Wednesday, 26 February 2014

Empower one woman, empower the whole nation
by Thando Gwinji (Solusi University)

Female Students Network can be seen from afar as just an organization doing a few programs to empower female students in tertiary institutions but from deep within they are doing more than that, they are actually reaching out to the whole world. This is a testimony from a female student by the name of Thando Gwinji from Solusi University in Bulawayo.

I first encountered FSN in 2011 when I was a 2nd year student doing Peace in Conflict Studies and at that time I was the president of the Peace Club and I attended FSN workshops so that I can further my leadership skills. Well I got more than that, through constantly attending these workshops I got exposure to a wider range of skills, I developed self-confidence, self-awareness and open-mindedness. Above all I got a platform to express myself and my passion in life through constantly interacting with the organization. Through the FSN blog I advanced my writing skills and created awareness on issues affecting me and other female students around Bulawayo. Opportunities then started to build up because my voice was being heard and because of the training that I had received I was bold enough to take them on. In a word or two I can say that I was empowered to be a bigger person than I was before.

The Pull Her Down (PHD) syndrome is a very common phenomenon amongst ladies who want to escalate to high positions, FSN however modelled the Push Her Up (PHU) very well. Being just a female student I got the chance to go and represent not just FSN but Zimbabwe and Africa at large at the Study of the United States Institute for Civic engagement (SUSI) through FSN. In this 2014 SUSI program, there were 20 participants representing the SADC region. Of the 5 weeks that I spent in America, 3 weeks were at the University of Nebraska where I was studying leadership, democracy, civic engagement, and human rights with top-notch professors and at the end of the training I was awarded with a certificate of recognition for outstanding academic achievement and leadership skills. Even before the completion of the course I was living the American dream, and so many doors seem to be opening up.
However, it is not what I achieved that is of essence, it is what I am going to do with what I achieved that matters. The least that I can do is give back to the society, though I don’t have much to give, I believe that the little the effort that I give goes a long way, I will begin by sharing the little knowledge that I have accumulated. I have grown to believe that information dissemination is the first step towards empowerment and anyone can do it. For every young lady out there know that you are also an agent of social change and powerful beyond measure. In my stay in America, I wasn’t only gaining knowledge but I was teaching Americans about Africa as well and I came to appreciate where I come from more. Looking at Africa from a different angle, I could see that we have a lot of potential but we also have a lack of will power and that will power begins with young people who strive to make a difference. Female Students Network is making a difference but it is up to us young ladies to embrace those efforts and be agents of social change.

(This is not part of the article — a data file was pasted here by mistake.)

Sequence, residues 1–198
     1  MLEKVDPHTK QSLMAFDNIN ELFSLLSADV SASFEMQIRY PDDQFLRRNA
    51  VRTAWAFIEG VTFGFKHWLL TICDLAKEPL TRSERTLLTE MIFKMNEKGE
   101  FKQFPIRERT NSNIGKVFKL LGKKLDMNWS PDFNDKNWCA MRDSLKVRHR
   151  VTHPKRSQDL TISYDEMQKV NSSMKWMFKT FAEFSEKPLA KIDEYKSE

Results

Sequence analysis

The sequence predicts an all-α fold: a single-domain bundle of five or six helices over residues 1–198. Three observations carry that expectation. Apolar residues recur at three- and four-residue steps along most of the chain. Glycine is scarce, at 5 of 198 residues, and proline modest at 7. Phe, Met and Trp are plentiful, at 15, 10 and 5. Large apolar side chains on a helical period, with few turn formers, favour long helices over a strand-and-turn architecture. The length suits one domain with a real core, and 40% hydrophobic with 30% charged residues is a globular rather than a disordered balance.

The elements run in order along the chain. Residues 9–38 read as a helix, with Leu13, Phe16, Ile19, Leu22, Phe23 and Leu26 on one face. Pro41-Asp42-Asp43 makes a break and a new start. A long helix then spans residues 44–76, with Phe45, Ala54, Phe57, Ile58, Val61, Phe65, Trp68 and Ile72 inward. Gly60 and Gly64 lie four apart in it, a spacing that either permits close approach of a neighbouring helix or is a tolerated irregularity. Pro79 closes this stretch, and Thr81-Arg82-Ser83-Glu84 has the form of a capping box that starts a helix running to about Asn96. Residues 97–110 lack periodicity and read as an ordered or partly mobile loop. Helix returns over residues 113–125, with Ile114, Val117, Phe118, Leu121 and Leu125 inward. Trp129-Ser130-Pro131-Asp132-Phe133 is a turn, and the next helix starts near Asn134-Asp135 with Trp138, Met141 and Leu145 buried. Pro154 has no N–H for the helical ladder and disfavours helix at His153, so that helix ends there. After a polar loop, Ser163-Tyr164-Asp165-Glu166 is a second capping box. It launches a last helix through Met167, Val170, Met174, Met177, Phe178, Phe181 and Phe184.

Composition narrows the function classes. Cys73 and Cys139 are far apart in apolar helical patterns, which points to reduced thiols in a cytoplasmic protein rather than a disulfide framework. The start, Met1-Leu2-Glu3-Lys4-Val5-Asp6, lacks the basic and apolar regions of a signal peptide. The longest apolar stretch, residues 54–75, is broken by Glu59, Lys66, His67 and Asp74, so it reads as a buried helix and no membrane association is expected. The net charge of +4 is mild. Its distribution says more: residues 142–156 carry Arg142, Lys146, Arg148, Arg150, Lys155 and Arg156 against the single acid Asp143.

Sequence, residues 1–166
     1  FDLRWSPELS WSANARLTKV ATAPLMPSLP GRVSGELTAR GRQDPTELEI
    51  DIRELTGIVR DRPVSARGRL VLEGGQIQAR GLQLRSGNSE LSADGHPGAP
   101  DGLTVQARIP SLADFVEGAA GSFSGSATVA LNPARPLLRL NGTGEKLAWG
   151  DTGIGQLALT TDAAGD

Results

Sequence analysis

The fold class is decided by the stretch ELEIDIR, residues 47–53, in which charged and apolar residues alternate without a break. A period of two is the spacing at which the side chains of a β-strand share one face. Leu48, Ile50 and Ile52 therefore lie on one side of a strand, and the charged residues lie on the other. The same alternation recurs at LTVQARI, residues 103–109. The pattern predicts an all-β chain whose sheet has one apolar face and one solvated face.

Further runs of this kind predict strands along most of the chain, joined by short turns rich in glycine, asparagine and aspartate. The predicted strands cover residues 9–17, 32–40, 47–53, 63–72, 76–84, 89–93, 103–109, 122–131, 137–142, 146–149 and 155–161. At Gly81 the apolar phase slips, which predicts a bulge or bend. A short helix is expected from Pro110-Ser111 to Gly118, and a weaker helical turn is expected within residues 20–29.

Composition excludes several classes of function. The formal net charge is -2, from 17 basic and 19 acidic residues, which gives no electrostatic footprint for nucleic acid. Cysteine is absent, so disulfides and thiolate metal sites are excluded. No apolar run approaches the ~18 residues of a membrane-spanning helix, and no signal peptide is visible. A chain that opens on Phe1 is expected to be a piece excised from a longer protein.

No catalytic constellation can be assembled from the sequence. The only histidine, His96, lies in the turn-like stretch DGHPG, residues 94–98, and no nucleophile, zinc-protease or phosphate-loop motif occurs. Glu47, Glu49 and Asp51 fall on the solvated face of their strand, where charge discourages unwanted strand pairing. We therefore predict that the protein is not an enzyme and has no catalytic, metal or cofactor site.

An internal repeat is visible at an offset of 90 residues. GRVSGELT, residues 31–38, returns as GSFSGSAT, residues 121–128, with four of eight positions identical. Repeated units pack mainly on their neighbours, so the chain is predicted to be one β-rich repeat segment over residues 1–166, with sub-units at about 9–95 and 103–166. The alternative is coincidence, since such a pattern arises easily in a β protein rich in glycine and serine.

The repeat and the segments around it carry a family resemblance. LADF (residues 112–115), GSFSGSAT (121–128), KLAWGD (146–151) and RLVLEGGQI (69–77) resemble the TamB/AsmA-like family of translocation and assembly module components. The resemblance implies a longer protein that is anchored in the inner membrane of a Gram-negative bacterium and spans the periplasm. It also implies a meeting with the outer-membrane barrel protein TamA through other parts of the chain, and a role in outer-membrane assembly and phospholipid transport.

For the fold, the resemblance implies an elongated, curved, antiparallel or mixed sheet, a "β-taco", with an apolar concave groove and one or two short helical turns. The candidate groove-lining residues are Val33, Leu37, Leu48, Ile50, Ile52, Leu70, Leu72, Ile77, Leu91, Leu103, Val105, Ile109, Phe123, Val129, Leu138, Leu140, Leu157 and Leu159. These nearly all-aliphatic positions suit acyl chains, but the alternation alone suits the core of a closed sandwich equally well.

It’s time to stand up for our rights

By  Yunah Bvumbe (Harare Polytechnic College)

Women have often been deluged with suggestions about ways to become more powerful in relation to men; however the differences in men’s and women’s access to use of power continually subvert the whole essence of gender equality.

Many of us seek friendship or colleagueship with members of the other sex often to find out that the equality supposed in these relationship is constantly challenged by learned sex role patterns of dominance and submission.
It is from this background that as a nation, we cannot continue to articulate about gender equality when men continue to dominate in society at our own peril.

Zimbabwe having been championed for being part of those nations that endorsed the SADC  Protocol on Gender and Development in 2008 which requires that ‘’states parties shall endeavour that by 2015, at least 50 percent of decision –making positions in the public and private sectors are held by women’’. The participation of women has not been very impressive and it raises alarm on whether Zimbabwe will be able to ensure 50-50 representation of men and women in politics.

In politics and economics when most people think  of a president ,prime minister ,chairman of the board ,they think of a man despite the fact that women can and do hold these positions.

And in the realm of expertise, female journalists, doctors lawyers are still trusted less than their male counterparts by many people and are not even acknowledged to exist by many others .

Perhaps only in the realm of power based on attractiveness, charisma and personal magnetism do women power images compete with male ones.

Besides the act that females are more intelligent than their male counterparts, their power is being misconstrued as men perceive women need affection and safety and nothing else.

Therefore the predicament of ambitious women is that they end up being lonely and bitter as the feeling of abandonment for their brave stance gains momentum.

In this male dominated society, women’s only effective source of influence is beauty and sex appeal as they are being used in advertising products naked to speed up sales.

But then one wonders, is this why women have been heralding for their emancipation only to be used as sexual objects?

This is the time to change our mindset and not betray those who have fought for us to be emancipated.